Fabio Lovati

Ndugu Mdogo, Little Brother in Nairobi

Stories of children and young people, rediscovering a part of themselves
Ndugu Mdogo, Kenya - ©Fabio Lovati, 2023

This post is also available in: Italiano

Nairobi, Kenya

Jack’s mission

The sun beats relentlessly on the railroad, and step by step their eyes cross with those of many, many other people: the most puzzled adults, the children full of curiosity. I am signalled not to stop as we move through narrow spaces, obscured by the fumes of burning plastics and tyres nearby. Walls of sheet metal and earth outline the road until, almost without realizing it, the view opens up, and the view is dizzying from the dam.

Let’s go downstairs,” offers Jack, with the confidence of someone who feels at home. He says those born in Kibera are unlikely to leave it, some for lack of alternatives, others to stay and help the community. His choice was similar, when still 18 years old he decided to leave his village and move to Kibera, one of Nairobi’s largest informal settlements, where more than half a million people survive in extreme poverty.

During his years in Nairobi, he became deeply immersed in the life of the suburbs and, on these streets, realized that he had both the skills and the passion necessary to devote himself to social education. An endowment that soon takes the form of a mission: to support homeless families and convince children to leave the street life. In return, he offers them an alternative path of school, dreams, and family. A family built on unconditional love and the caring attention of those you trust.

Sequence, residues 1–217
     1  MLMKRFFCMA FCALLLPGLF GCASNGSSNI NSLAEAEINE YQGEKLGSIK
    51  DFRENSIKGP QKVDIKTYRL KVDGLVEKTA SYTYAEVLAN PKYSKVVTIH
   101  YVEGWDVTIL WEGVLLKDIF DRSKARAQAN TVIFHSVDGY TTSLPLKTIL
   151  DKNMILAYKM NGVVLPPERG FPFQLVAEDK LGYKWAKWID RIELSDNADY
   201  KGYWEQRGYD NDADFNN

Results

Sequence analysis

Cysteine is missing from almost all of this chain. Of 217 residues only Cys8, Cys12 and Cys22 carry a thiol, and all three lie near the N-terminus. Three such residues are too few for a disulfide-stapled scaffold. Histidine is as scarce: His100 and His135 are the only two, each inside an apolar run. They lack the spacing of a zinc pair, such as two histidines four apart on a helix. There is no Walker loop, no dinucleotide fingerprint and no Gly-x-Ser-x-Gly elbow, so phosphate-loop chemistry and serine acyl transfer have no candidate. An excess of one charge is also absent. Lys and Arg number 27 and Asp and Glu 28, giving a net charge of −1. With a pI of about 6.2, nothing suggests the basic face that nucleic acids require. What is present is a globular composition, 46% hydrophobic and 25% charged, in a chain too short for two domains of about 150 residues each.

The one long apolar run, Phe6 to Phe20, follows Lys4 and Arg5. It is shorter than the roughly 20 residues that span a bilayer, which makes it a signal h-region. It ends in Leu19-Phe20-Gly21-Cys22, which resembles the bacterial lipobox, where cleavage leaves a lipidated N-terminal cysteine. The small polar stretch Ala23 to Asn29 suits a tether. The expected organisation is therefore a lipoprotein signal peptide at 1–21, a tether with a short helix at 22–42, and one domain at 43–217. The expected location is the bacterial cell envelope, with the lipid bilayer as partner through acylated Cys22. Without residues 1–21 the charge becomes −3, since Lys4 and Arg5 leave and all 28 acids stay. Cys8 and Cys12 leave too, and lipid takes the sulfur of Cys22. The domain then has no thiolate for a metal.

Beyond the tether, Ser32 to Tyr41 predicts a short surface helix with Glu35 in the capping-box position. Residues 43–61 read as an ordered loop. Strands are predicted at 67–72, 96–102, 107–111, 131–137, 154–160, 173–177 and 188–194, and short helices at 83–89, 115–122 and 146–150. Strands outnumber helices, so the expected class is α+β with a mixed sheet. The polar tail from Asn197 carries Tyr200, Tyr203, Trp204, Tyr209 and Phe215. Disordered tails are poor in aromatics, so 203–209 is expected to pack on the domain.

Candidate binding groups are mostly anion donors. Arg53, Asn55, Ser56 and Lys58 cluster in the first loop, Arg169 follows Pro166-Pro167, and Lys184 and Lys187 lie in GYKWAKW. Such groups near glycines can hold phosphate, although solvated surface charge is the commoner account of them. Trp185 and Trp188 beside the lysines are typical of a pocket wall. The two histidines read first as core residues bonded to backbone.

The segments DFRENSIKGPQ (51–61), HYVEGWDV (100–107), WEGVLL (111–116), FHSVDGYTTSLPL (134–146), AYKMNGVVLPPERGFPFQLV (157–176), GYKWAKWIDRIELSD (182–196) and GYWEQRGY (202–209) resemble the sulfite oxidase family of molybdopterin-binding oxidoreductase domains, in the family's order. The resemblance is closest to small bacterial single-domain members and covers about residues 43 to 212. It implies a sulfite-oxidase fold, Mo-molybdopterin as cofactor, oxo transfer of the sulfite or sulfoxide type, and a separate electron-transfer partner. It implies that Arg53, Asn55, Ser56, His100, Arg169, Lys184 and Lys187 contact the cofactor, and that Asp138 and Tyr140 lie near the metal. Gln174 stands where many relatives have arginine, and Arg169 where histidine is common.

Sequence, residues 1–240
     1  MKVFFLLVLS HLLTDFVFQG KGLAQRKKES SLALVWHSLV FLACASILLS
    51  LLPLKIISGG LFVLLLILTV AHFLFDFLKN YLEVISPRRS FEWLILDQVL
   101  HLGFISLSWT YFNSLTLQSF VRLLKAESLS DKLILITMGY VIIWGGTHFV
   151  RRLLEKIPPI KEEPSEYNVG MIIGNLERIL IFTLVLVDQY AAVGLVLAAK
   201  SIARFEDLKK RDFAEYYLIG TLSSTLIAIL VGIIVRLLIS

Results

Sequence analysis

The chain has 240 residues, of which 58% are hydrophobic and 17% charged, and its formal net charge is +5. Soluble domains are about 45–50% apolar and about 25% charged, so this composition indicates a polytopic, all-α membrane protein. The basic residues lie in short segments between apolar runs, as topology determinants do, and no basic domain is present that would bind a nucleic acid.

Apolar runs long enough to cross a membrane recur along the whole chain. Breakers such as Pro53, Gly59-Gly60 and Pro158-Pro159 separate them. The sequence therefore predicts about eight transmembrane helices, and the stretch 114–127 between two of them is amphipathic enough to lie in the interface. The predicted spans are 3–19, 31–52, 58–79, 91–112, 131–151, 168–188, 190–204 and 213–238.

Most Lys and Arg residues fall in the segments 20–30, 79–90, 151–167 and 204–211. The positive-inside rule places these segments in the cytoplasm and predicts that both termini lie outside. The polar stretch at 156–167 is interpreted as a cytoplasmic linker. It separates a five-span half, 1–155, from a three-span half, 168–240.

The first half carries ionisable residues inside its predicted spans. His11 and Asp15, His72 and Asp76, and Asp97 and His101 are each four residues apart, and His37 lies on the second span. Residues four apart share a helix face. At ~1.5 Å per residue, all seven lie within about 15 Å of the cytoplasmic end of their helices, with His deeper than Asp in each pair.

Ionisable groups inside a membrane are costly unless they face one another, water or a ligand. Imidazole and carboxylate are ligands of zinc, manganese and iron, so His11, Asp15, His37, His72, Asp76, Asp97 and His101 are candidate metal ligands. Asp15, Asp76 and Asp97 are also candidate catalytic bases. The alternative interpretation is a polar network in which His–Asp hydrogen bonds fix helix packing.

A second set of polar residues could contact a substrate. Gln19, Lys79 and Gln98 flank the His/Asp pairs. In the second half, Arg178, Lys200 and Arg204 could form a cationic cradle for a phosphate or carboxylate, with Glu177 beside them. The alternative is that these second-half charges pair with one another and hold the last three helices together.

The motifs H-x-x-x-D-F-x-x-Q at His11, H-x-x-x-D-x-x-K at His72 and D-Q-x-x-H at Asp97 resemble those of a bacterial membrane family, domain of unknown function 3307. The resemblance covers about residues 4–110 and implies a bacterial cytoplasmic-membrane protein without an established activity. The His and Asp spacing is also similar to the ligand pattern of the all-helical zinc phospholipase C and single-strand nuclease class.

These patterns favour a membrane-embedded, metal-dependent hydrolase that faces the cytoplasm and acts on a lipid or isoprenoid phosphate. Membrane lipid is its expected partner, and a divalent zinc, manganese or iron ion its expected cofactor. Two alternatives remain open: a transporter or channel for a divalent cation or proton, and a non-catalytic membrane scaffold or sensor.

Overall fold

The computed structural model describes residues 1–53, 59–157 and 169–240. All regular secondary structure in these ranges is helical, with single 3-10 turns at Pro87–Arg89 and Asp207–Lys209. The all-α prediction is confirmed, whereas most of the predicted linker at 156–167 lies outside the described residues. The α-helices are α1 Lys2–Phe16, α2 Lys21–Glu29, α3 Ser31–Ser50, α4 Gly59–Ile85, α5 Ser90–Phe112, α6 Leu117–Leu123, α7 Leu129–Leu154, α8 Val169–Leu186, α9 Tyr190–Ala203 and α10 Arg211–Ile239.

Ndugu Mdogo
Kibera, Nairobi, Kenya – ©Fabio Lovati, 2023

Shadows in Nairobi

The families are mostly young, often consisting of only women with their children. They are shadows in the eyes of society, like coins dropped on the ground, considered of too little value to be collected“, Jack tells me as we enter Tsunami, a tangle of alleys and chaotic streets located in an area close to the city centre, where 4,000 families live homeless. Our arrival does not go unnoticed and those who can approach in search of help. Wrapped in a crowd of teenagers, Jack points me to a woman in the distance, squatting near a water channel. “For the past month, we have been trying to track down his son., – and continues – it happens that young people and adolescents abandon their families, most often because of fear of their families, an aspect that can also lead them to extreme gestures”.

The perception of street children by their families is complex and contradictory: on the one hand, a sense of affection and protection for their children emerges; on the other, the difficulty in accepting or acknowledging the reasons that led them to move away. “One of the main reasons is marginalization, both suffered and felt, in times of hunger, illness and violence, which pushes children toward substance abuse,” Jack explains to me, ” a way out often adopted to escape from the bitter reality that surrounds them, and this happens especially in the most vulnerable families.